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OK, why is everyone eating Tide Pods? An investigation

It’s not because they’re delicious

In 2015, The Onion published an article titled “So Help Me God, I’m Going to Eat One of Those Multicoloured Detergent Pods”, in which a fictional toddler just...really wants to eat a Tide Pod. Three years later, the joke has apparently become reality. In the last month or so, eating Tide Pods has reemerged as a meme, with Twitter users joking about eating the colourful, juicy little laundry tabs. Most people – we hope – wouldn’t need telling not to actually put them in your mouth, and wouldn’t need reminding that jokes about eating them are just that: a joke.

However, people have seemingly been doing just that: biting into Tide Pods and posting videos of themselves doing it. As a result, there have been 39 reports of teenagers “intentionally misusing” laundry pods during the first 15 days of 2018 alone, according to data from the American Association of Poison Control Centers (AAPCC). All kinds of officials have been warning against the ingestion of Tide Pods. Now, YouTube have said in a statement to Fast Company that they will be removing any Tide Pod challenge videos, as “YouTube’s Community Guidelines prohibit content that’s intended to encourage dangerous activities that have an inherent risk of physical harm. We work to quickly remove flagged videos that violate our policies.”

To those not so familiar with the internet, it’s pretty baffling that someone would see a laundry pod and – no matter how tasty they might look – bite into it while knowing the risks. We spoke to Dr. Carolyn Ross, author of The Emotional Eating Workbook and expert in food addictions and eating disorders, to ask whether people really are fancying Tide Pods as a tasty treat, and why. She told us, “they may be colourful, which might fool small children into thinking they are edible since many kids foods nowadays sadly have added food colouring”, but added that, “beyond the toddler stage when kids put anything in their mouths, there is no legitimate reason why an older child should be fooled by this”.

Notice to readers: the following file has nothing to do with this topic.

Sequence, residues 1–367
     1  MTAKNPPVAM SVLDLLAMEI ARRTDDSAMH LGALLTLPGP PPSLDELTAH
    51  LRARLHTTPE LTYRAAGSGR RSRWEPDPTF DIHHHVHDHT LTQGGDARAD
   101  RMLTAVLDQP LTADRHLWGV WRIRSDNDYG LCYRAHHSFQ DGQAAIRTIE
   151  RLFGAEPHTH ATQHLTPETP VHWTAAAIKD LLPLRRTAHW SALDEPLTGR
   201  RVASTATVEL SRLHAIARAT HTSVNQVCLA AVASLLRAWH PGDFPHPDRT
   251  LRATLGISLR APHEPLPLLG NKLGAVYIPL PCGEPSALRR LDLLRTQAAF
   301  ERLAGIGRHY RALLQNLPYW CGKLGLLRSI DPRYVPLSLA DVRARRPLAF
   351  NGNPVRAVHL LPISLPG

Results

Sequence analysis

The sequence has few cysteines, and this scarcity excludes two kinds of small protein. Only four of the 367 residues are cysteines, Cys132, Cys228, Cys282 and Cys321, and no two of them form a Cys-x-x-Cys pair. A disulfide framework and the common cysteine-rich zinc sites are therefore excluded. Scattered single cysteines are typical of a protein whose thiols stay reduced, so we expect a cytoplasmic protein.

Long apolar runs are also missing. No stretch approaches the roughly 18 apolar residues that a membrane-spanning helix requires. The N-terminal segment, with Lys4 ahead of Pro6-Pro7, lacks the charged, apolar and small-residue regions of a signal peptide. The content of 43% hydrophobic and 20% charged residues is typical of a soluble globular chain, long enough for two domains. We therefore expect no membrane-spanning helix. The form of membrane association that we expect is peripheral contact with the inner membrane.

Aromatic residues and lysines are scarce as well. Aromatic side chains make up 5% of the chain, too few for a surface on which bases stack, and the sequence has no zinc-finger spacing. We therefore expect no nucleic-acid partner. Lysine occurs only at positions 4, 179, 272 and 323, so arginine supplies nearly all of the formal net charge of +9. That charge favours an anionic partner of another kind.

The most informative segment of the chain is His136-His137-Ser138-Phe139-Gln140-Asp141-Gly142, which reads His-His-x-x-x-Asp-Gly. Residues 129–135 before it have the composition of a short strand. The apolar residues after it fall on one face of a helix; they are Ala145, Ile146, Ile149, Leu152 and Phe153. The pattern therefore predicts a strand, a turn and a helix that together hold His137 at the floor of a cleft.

Dr. Jane Ogden, a professor in Health Psychology at the University of Surrey, was more accepting. She said that while most people have “neophobia” (a fear of new foods that is designed by evolution to stop us from eating poison), some people could be overriding this because “the Tide Pods might look like other, more familiar foods to them, such as sweets, making them seem desirable (and safe). Perhaps there has been an increase in sweets which are coloured in more unnatural colours, (which have) normalised eating ‘not natural’ looking foods”. She also believes that as food preferences are learned, some people could be so embedded in social media that they are learning their preferences from their online peers.

Or, more likely, and as both Ogden and Ross believe, everyone is just doing it for A) a little joke, B) some attention, and C) to fit in. Ross said, “I believe that in our society there is such a need for attention and such an allure of fame that people even doing something stupid to get on YouTube or to get ‘likes’ on social media may seem worth it”. On why anyone would be dumb enough to eat poison for that validation, Ogden said, “The brain doesn’t fully mature until the mid-20s. The teen brain does not have maturation in areas of decision making, impulsivity, and making wise choices. So this fad could be a combination between the desire to be noticed on social media/have your 15 minutes of 'fame' or infamy, and the risk-taking common to adolescence due to the adolescent brain still not being mature”.

Ogden added, “social media does encourage a need for feedback and attention. These people might be excited by getting feedback from social media in the form of followers or likes, which is rewarding”. But Ross believes that “since Tide Pods are not food, nor do they have any attributes of food, I can’t say beyond this why they may be eating them. Food is attractive to us because of smell, taste, appearance. Tide Pods have none of these attractive characteristics.”

So there it is, really – for those that are actually eating Tide Pods and aren’t just joking about doing it, it's obviously not because they actually feel peckish for some really cleansing poison. They’re doing it because they’re really thirsty for retweets and likes and all that other good, addictive shit. And fair enough – there is so little to get excited about in January, go get your sweet dopamine from online validation if you want to. Just try not to endanger your life in the process.